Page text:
“Can I have a look at your work?”
For a long time now, I have dreaded that question. For me, my writing is private. It is not meant for those who do not know the context and so I choose very carefully who sees my words. And yet, if you know me well, you would know that I have tried in the past to overcome this dread, that this page that you see today is not my first blog. I have, in the past, started and abandoned three of them. Each of these blogs has a story of its own and each has quite an independent share of my writings on it. I will not migrate my work from there, though. They belong there, crystallised in the amber of time. But I will tell their stories here.
The first public appearance of my works was in the avatar of “A Mango Man’s Blog” on Blogspot. I was only a beginner then in the craft of writing, and I had been very recently introduced to the unending, enchanted pool of blogging. From where I stood, I could see the surface glistening with possibility, and every second, thousands of people jumping into it. Some of them were really enjoying the swim, trying out different strokes and slowly finding a place for themselves in some niche of the rocky waters. But most of them, I noticed, were scrambling back out of it. I put out a finger, dipping it into the water, only to find that it was too cold for me to jump in yet.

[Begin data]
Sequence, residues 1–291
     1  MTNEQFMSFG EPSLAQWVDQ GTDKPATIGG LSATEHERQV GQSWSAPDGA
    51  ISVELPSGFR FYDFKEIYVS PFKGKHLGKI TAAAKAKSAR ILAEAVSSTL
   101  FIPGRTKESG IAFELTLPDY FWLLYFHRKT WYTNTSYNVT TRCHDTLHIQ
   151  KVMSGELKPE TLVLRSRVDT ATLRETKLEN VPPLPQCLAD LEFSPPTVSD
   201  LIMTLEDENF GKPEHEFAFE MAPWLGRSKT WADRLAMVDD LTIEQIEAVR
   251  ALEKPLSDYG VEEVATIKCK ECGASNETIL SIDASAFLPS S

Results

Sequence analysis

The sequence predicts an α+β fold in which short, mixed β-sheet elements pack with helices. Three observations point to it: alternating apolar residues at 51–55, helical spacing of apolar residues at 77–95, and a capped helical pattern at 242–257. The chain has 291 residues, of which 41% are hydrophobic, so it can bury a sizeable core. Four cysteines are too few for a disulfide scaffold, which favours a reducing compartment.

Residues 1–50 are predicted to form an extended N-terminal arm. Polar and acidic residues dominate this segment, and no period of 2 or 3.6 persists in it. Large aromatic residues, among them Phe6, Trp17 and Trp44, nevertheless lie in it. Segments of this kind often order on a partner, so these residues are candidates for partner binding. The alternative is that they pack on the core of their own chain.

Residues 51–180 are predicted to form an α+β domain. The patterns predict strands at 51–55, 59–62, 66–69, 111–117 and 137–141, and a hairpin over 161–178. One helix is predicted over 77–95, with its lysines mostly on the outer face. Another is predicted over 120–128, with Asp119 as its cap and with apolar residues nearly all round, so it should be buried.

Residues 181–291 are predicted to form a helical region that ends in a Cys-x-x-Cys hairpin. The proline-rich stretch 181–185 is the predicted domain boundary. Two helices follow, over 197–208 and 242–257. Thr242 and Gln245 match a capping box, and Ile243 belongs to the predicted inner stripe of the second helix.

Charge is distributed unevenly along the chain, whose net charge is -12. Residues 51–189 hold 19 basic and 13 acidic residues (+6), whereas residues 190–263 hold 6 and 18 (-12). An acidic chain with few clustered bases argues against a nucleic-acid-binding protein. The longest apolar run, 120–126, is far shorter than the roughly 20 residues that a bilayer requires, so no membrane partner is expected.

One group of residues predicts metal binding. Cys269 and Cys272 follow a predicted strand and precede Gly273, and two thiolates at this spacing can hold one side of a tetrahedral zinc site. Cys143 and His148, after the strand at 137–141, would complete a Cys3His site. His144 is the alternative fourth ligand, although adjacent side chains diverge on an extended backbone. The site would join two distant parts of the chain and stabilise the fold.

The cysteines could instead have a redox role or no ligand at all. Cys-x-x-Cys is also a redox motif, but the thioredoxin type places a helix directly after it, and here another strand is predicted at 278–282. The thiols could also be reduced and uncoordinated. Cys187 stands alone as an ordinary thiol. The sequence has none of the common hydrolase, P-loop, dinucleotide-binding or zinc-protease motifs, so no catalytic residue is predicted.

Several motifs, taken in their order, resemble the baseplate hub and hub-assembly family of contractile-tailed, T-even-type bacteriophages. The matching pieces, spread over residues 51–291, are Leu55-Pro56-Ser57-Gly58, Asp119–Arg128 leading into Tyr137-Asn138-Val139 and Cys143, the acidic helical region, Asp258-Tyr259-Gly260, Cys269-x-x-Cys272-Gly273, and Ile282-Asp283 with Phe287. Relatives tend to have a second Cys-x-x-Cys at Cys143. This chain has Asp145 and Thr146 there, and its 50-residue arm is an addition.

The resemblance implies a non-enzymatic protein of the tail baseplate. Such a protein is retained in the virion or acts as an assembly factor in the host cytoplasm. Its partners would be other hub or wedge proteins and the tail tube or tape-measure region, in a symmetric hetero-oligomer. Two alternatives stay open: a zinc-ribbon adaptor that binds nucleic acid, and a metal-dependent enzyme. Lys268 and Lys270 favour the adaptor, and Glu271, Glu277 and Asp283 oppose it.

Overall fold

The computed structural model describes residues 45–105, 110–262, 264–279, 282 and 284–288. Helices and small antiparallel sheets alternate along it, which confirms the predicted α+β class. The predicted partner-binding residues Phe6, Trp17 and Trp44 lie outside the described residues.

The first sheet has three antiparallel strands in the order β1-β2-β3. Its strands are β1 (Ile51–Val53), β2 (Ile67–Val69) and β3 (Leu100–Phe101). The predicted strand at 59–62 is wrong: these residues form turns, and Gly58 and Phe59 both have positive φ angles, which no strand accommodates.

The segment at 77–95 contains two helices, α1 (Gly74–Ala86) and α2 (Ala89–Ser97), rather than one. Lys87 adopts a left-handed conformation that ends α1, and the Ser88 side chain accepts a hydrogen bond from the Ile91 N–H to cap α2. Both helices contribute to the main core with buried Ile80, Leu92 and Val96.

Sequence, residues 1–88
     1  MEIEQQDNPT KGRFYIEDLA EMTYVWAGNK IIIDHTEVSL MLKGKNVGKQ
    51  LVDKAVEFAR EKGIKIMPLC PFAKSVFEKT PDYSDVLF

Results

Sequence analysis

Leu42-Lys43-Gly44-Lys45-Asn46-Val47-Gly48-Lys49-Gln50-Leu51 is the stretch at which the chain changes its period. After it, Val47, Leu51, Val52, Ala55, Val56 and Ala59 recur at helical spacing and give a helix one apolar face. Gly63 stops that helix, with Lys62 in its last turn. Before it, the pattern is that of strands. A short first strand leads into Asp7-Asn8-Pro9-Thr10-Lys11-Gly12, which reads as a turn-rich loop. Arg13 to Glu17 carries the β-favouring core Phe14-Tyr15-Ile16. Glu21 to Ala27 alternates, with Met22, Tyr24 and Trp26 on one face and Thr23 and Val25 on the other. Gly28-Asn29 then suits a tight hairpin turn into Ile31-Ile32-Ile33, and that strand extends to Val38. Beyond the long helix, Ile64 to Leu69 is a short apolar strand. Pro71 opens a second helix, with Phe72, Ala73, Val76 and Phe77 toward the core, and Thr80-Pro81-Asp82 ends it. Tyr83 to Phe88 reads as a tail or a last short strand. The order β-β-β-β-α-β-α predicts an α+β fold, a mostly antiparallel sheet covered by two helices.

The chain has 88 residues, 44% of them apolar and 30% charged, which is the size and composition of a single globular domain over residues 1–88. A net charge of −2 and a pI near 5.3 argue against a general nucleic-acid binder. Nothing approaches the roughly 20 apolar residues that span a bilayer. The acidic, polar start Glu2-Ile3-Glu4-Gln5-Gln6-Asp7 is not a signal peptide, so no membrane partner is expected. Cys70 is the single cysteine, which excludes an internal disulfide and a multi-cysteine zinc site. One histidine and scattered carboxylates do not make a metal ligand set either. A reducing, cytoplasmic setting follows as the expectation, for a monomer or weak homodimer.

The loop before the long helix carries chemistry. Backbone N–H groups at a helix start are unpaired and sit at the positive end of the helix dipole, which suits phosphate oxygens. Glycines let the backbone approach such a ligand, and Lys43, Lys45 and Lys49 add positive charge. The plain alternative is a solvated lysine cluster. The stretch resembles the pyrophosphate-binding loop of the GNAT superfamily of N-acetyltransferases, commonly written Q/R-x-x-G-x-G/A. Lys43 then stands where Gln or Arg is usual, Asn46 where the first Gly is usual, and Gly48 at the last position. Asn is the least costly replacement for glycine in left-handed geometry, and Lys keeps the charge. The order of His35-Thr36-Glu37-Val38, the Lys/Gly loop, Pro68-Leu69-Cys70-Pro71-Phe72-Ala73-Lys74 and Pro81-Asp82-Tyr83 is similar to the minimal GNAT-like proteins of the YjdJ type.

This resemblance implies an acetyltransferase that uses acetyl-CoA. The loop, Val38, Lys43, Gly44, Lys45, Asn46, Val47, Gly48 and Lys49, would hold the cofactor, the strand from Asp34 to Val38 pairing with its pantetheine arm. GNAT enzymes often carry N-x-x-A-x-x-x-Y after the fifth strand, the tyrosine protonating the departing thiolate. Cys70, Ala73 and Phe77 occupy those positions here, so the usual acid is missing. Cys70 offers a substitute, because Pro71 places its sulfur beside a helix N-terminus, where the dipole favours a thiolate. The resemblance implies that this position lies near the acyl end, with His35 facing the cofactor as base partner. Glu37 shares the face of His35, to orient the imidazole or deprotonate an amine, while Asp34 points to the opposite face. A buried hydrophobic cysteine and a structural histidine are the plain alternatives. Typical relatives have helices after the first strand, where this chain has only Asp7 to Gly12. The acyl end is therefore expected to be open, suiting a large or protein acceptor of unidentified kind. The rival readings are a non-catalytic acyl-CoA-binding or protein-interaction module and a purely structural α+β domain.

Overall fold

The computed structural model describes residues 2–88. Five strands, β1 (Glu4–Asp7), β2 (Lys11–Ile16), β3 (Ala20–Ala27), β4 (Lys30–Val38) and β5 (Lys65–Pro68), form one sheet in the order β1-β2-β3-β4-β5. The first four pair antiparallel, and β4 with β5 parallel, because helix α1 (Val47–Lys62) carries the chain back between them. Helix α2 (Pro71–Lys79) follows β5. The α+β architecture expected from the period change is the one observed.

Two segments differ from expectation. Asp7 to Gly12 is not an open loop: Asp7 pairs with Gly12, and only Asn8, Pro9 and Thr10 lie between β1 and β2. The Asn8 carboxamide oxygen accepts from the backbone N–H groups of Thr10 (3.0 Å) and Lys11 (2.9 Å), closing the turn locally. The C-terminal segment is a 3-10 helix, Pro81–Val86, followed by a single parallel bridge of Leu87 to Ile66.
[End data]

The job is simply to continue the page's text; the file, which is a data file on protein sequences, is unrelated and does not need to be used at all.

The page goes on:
I tested the waters again in the immediate aftermath of reading Ayn Rand, and predictably, the new avatar was called “I,” on WordPress. This was a time I was trying to assert myself as a writer in front of the few people who knew me at my college. I wanted to be rebellious, imagining myself diving into the pool naked, as Howard Roark had, and laugh out in pride when I surfaced in the wake of the enormous splash of my diving. But, as soon as I started peeling off bits of my clothing, trying to expose my body of work to the world at large, I felt the winds of winter pinch me hard, forcing me to hold on to the linen. It was still too cold for me.
Two years later, when I had written sufficiently more, I decided to take a bucket of that water and pour it on myself. As I took up this rather metaphorical version of the Ice Bucket Challenge (which, by the way, was still a year away), the water numbed my mind as it flowed over my head, allowing me to tap into a Stream of Consciousness on Quora, where I could let my poetry flow down the throat of any casual browser, who chose to wait near the fountainhead. In that moment, I knew that I would no longer dam the flood, that I would keep posting my writings here. But the water numbed my apprehensions for only so long. Once it dripped down my clothes and those whistling wintry winds slapped me out of that benevolent numbness, the stream of my consciousness dried up again.
After almost a year and a half since then, I am taking the plunge today. After a long battle with myself, I have finally chosen to let go of the safety of the suit that has kept me warm till now. The winds and the waters are still cold, the question is still dreaded, but if you ask it of me today, I will simply raise a glass to you and say, “Here, drink.”